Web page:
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News Analysis: New Russia Sanctions Seen As Burning Slowly

  • Carl Schreck

The announcement of new sanctions against Russia sparked a further downturn for the ruble, which has lost 13 percent of its value against the dollar this year.

The announcement of new sanctions against Russia sparked a further downturn for the ruble, which has lost 13 percent of its value against the dollar this year.

A fresh round of U.S. and European Union sanctions will not inflict immediate economic shock in Russia but could undermine the country's fiscal stability in the long term if the measures are not rolled back, economists and industry experts say.

The sanctions aimed at punishing the Kremlin for its role in the Ukraine crisis restrict access to Western capital and technology for major companies in Russia's financial, energy, and defense sectors.

They will likely accelerate capital outflow from Russia and could lead to recession as borrowing costs for top banks increase and investment in the Russian economy decreases, economist Sergei Guriyev says.

"It's not going to be catastrophic in the near future, but in the longer run it's very bad news," says Guriyev, who fled Russia last year amid fears that he could face politically motivated prosecution.

The measures announced by the U.S. Treasury Department on September 12 tighten debt financing restrictions for sanctioned Russian state-owned banks from 90 days to 30 days, and also added Russia's largest financial institution, Sberbank, to the list of entities subject to the restriction.

"Sberbank is a very sound and healthy financial institution and, as well as other banks, they will suffer in terms of stock prices and probably costs of borrowing, which will go up even if these banks go to other markets where sanctions are not imposed," says Guriyev, a former member of Sberbank's supervisory board.

Both the U.S. and EU sanctions announced on September 12 ban the export of certain services and technology to top Russian energy companies.

This measure poses a threat to the broader Russian economy because it indicates U.S. and European officials are prepared to carry out coordinated actions targeting Russia's crucial energy sector, Guriyev said.

"Over the course of two or three years, [this] will decrease oil production in Russia and therefore undermine the Russian government's ability to deliver on the promises that [President Vladimir] Putin made in 2012 in terms of raising pensions, salaries and so on," he said.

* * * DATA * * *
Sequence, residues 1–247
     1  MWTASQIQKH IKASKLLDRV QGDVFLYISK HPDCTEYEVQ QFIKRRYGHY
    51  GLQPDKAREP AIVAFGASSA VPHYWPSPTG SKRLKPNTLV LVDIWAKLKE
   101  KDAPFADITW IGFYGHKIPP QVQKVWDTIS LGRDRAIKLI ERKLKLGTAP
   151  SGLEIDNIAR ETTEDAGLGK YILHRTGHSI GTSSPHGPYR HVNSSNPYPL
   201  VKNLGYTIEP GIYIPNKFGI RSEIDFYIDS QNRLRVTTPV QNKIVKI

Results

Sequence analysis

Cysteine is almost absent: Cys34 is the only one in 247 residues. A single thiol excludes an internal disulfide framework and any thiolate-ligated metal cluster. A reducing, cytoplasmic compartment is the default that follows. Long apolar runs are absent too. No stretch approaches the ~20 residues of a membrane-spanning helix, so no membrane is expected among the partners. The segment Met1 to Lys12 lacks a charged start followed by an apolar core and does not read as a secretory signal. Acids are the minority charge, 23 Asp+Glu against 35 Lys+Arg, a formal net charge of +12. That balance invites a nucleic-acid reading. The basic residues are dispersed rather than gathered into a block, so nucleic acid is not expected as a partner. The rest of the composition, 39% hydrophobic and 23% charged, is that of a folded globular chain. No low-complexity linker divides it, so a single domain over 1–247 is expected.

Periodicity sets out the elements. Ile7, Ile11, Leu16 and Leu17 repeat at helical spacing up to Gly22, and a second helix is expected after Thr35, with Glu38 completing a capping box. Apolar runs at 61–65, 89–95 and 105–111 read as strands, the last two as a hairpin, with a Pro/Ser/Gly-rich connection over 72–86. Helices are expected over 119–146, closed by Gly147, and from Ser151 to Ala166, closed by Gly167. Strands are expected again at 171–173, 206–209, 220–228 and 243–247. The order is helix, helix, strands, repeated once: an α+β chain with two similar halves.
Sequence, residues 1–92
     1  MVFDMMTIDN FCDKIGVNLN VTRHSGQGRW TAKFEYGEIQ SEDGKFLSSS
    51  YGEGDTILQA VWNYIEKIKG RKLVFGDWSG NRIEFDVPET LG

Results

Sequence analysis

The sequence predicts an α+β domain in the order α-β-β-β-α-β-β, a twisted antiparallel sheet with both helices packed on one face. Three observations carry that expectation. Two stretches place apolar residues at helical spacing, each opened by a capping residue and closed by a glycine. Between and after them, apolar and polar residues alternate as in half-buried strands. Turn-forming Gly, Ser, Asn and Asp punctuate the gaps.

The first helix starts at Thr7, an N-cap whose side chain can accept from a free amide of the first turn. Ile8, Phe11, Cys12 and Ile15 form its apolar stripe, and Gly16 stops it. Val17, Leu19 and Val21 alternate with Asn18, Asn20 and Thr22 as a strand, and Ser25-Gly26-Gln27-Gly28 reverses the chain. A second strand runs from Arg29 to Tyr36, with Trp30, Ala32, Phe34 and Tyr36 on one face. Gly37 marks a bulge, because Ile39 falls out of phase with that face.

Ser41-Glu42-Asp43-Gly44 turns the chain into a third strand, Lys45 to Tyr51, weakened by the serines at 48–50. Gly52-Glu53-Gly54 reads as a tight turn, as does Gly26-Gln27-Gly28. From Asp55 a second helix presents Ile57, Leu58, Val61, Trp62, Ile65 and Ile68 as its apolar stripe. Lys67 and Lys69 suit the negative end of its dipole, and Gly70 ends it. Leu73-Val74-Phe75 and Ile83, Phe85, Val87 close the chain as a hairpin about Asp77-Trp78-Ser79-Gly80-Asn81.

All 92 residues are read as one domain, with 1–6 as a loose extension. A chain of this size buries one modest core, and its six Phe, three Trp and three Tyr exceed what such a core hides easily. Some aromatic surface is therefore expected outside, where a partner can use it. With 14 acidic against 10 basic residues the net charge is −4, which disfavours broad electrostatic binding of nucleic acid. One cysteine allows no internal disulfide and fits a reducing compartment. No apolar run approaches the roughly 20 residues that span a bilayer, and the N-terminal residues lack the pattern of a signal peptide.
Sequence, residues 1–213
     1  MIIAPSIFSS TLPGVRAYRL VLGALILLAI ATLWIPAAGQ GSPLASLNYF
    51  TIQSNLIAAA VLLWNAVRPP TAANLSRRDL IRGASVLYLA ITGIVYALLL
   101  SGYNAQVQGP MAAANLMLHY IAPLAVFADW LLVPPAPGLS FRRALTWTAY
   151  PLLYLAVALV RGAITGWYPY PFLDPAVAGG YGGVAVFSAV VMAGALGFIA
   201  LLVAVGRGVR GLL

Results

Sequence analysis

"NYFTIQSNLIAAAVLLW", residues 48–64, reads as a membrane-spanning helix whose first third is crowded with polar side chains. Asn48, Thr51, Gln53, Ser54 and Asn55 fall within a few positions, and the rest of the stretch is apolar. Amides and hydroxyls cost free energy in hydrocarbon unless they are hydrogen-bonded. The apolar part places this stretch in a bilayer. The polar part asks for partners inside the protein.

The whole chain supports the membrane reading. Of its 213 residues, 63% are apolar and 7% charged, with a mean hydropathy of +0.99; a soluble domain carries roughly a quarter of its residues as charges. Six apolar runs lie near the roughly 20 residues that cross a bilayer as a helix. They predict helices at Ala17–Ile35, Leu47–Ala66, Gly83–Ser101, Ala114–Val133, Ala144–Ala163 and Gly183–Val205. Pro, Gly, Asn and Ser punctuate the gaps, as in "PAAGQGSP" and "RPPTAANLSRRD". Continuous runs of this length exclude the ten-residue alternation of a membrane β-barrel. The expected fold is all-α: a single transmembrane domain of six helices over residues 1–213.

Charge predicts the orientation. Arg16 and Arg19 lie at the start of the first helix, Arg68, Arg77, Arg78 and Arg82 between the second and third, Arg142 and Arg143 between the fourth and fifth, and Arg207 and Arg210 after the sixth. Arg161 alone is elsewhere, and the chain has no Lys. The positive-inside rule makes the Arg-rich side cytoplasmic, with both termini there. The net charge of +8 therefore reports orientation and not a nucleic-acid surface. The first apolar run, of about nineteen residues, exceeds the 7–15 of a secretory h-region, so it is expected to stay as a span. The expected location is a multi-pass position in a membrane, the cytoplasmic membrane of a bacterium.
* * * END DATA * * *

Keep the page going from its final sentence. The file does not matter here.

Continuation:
Oil And Guns

Oil production in Russia could gradually decline beginning next year without access to the Western technology, goods, and services outlined in both the U.S. and EU sanctions, said Mikhail Korchemkin, head of the Pennsylvania-based East European Gas Analysis.

These restriction specifically target Russian companies' ability to conduct oil exploration and production in deep-water, Arctic offshore and shale projects.

"Russia can drill very well in conventional reserves of West Siberia and in European Russia. But in more sophisticated areas like in the Arctic shelf or any offshore fields, it is impossible for Russian companies to work alone," Korchemkin says.

ExxonMobil last month began joint drilling in the Arctic Sea together with Rosneft. A company spokesman said in a statement that it was assessing the sanctions.

The United States and the EU also imposed financial and technology restrictions targeting Russian defense firms.

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The EU restrictions could spell trouble down the road for the Russian defense industry, which relies on imports of sophisticated technology from European producers for its armaments, says Simon Saradzhyan, a Russia expert with Harvard University's Belfer Center.

"If these sanctions hold, then as Russia's existing toolbox ages, they'll have to replace it. And there's nowhere it can turn to to do so, because China doesn't have the technologies. There's only the West," Saradzhyan says.

The technology restrictions will not have an immediate impact, and in the long term, Russia will likely be able to cope by using reverse engineering and developing technologies themselves, Saradzhyan adds. But this will cost time and money.

"These costs will be transferred to the buyers. So they'll have more expensive and, at least initially, less quality products coming from the defense industry," he says.

A senior Obama administration official told reporters in a conference call that the measures would have a "profound effect" and would hinder Russia's ability to resupply weapons in the Ukraine crisis.

A shaky cease-fire is in place between pro-Russian separatists and Ukrainian forces after months of fighting that has left thousands of people dead.

David S. Cohen, the U.S. undersecretary for terrorism and financial intelligence, said in a September 12 statement that the United States, together with the EU, "will impose ever-increasing sanctions that further Russia's isolation from the global financial system unless Russia abandons its current path and genuinely works toward a negotiated diplomatic resolution to the crisis."

The costs of the fresh sanctions were not immediately apparent on targeted Russian companies listed on the country's main stock exchange, the Micex. Gazprom, GazpromNeft, and Rosneft all posted gains of under 2 percent, while Sberbank stock rose 0.5 percent.

The ruble, however, fell 0.4 percent versus the dollar, bringing its slide to 13 percent this year.

Luke Johnson in Washington contributed to this report